KEARNEY – Two women, born and raised in Kearney, have enough local historical knowledge to pack a series of books.
Phyllis and Marilyn MacKay, nee Bice, pour over old books and photos.
If they had done so they would be following closely in the footsteps of another local historian, and local legend, their father Ralph Bice.
Marilyn and Phyllis MacKay were born with the surname Bice. They later married brothers Rod and Ross. The brothers worked at Thompson’s Lumber Company, a local mill.
Even the mill is history. The mill yard is long gone. It once stood in the same lot that’s now home to Lion’s Park. Another mill was located at Hazard Lake.
The girls grew up on Poplar Point with a vantage point that looked toward the Town of Kearney’s main thoroughfare across Mirror Bay – another piece of history.
Mirror Bay is still commonly referred to by its original name – Hunger Bay.
“When the log drives were going through they had a building down by where the fire hall now is. It used to be a hotel before it burned down,” said Phyllis. “They would camp there and stop there to eat. That’s why they called it Hunger Bay.”
Both Marilyn and Phyllis share warm memories of growing up in Kearney. There were dances at the Orangeman’s Hall, movie nights and baseball games where they often competed and danced with friends from Magnetawan.
And, there was the “moccasin dance.”
One of the Main Street storeowners would put a record player out front and the sound would carry out onto the bay.
“We’d dance out on the ice. Then we’d go up to the Orangeman’s Hall, which they’d let out to us for a dollar,” said Marilyn. “We’d have our hot chocolate… We’d have tobogganing parties and invite kids from all around.”
There is no doubt that Kearney was bustling in those days.
The two women remember Kearney as a thriving town with two hotels
“You only had to leave town for the dentist and the hair dresser,” said Phyllis.
“The train came through. Once they lifted the track it killed the town,” said Marilyn.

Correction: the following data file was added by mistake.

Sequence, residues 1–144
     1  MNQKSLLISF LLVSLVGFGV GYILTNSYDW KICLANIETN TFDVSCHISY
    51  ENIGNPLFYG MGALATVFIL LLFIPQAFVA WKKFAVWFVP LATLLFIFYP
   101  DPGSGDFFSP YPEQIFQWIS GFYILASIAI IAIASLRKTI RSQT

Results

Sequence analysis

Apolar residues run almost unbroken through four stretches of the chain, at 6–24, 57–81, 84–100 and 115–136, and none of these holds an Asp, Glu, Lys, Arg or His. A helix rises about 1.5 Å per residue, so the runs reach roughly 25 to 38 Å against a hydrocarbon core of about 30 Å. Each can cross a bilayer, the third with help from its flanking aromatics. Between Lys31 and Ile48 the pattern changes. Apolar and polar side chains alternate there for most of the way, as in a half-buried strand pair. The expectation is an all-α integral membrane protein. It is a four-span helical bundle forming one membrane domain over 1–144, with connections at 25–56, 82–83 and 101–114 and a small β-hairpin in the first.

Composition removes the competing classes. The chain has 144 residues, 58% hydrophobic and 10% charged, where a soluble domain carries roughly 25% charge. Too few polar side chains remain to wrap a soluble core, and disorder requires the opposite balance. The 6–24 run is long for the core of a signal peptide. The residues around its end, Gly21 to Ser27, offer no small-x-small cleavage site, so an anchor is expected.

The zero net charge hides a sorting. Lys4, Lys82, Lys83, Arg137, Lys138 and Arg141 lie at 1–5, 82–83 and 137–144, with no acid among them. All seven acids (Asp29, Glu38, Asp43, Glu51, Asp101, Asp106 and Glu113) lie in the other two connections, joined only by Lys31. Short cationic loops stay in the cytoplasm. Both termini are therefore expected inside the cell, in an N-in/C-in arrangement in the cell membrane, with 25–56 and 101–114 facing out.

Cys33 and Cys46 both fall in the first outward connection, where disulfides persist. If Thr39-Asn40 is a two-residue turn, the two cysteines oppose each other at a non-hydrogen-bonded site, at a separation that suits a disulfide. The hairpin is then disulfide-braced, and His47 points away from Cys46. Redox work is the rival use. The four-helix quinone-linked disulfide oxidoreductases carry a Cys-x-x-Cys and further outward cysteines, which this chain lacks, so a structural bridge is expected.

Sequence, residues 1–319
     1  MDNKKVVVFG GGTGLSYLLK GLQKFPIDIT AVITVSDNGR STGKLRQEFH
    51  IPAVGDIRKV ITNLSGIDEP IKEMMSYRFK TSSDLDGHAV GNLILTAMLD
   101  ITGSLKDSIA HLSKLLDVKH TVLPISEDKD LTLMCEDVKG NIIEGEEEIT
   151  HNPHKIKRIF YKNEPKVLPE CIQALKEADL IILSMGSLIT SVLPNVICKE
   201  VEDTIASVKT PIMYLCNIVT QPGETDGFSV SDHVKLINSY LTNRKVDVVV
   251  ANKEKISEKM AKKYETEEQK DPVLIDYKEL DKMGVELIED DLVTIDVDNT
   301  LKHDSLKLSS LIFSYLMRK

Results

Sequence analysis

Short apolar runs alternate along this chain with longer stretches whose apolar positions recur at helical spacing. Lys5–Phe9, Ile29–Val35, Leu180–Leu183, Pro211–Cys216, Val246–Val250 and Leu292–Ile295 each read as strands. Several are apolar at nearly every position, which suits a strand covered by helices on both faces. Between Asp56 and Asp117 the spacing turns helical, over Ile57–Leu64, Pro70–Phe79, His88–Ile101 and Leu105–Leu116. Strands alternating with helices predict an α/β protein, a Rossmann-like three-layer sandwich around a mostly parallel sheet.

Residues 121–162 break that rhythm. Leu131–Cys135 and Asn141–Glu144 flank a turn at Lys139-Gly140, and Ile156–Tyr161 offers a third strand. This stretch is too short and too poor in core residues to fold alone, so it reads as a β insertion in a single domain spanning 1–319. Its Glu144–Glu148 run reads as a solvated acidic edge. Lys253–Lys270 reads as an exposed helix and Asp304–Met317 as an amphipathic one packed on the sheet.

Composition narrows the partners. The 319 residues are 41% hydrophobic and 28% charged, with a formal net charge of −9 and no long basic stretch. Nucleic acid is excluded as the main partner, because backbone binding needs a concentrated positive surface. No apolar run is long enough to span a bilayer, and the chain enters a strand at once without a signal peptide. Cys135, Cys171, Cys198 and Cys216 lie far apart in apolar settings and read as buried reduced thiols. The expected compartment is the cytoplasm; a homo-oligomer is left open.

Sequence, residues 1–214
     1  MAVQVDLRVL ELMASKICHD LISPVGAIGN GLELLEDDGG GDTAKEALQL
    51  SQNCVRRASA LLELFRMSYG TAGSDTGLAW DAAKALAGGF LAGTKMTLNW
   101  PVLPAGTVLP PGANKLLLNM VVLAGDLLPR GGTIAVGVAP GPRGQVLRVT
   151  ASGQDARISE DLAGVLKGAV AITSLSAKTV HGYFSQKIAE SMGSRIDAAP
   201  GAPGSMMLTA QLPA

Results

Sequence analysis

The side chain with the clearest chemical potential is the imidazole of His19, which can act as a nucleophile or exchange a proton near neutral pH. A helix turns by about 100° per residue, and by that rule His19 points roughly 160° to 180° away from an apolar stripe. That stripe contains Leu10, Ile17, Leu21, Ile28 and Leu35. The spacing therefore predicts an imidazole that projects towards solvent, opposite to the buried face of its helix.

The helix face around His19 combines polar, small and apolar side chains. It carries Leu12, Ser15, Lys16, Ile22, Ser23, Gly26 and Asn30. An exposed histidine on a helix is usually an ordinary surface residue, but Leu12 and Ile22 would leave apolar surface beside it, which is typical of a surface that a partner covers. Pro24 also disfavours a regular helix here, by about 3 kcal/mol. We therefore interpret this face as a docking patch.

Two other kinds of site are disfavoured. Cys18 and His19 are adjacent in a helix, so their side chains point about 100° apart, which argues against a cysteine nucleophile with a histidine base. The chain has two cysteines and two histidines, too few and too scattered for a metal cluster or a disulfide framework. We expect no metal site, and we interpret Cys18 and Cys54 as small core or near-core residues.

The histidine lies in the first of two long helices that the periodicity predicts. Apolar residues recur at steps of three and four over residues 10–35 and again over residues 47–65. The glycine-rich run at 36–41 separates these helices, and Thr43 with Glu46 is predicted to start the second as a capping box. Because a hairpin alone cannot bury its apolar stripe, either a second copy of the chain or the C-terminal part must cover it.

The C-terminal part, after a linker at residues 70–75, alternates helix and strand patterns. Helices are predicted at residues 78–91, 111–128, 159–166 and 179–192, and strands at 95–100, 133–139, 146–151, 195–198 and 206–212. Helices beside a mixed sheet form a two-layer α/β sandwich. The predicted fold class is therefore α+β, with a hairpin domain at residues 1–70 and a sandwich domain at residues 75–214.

The lifting of the tracks began in 1959.
“In the fall of ‘58 we went in hunting. They left the gas cars to take the hunters in,” she said.
The railroad was built by J.R. Booth and later became the Grand Trunk Railroad before becoming CN.
It was that railway that would take the sisters to one of their favourite spots. The family retains a lease on Rain Lake that was owned by Ralph since about 1944.
“When they first saw Rain Lake it was in 1912. (Dad) was with my grandfather (Fred Bice). They stopped on this point where the camp was for lunch,” said Marilyn. “There had been a fire. It had been burned off and there was nothing left.”
The women remember taking the train out to the lake. They would enjoy walking back to the caboose.
“We had to sit in our seats but we’d wander back to the caboose,” said Phyllis.
Their father Ralph continues to be a rich part of Kearney’s history.
A tribute to the author, outfitter, trapper and guide is on display behind glass at the Kearney Community Centre, which doubles as the municipal offices, which seems well-suited considering Bice was mayor of the Town of Kearney from 1940 to 1970.
A former newspaper columnist for The Almaguin News, the author penned ‘Along the Trail in Algonquin Park’ as well as several other publications, which included several area history books and ‘The History of the Fur Trade’.
Ralph Bice was also the recipient of the Order of Canada. He received the honour the same year that former Prime Minister Pierre Trudeau received his in 1985.